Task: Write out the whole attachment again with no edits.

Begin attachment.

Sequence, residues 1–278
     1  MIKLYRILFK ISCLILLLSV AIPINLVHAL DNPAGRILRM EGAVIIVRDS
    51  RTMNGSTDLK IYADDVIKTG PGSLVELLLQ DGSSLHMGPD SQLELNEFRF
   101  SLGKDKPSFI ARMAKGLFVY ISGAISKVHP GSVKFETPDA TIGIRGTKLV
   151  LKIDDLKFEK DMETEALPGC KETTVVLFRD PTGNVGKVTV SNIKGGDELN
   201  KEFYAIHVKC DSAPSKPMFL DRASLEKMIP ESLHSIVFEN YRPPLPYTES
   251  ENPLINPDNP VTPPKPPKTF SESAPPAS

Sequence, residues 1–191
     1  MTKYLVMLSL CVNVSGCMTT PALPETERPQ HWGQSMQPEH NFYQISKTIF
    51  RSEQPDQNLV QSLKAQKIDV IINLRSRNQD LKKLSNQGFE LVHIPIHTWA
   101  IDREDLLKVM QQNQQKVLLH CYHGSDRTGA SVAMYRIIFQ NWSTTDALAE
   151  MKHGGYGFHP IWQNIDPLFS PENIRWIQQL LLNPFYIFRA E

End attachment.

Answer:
Sequence, residues 1–278
     1  MIKLYRILFK ISCLILLLSV AIPINLVHAL DNPAGRILRM EGAVIIVRDS
    51  RTMNGSTDLK IYADDVIKTG PGSLVELLLQ DGSSLHMGPD SQLELNEFRF
   101  SLGKDKPSFI ARMAKGLFVY ISGAISKVHP GSVKFETPDA TIGIRGTKLV
   151  LKIDDLKFEK DMETEALPGC KETTVVLFRD PTGNVGKVTV SNIKGGDELN
   201  KEFYAIHVKC DSAPSKPMFL DRASLEKMIP ESLHSIVFEN YRPPLPYTES
   251  ENPLINPDNP VTPPKPPKTF SESAPPAS

Sequence, residues 1–191
     1  MTKYLVMLSL CVNVSGCMTT PALPETERPQ HWGQSMQPEH NFYQISKTIF
    51  RSEQPDQNLV QSLKAQKIDV IINLRSRNQD LKKLSNQGFE LVHIPIHTWA
   101  IDREDLLKVM QQNQQKVLLH CYHGSDRTGA SVAMYRIIFQ NWSTTDALAE
   151  MKHGGYGFHP IWQNIDPLFS PENIRWIQQL LLNPFYIFRA E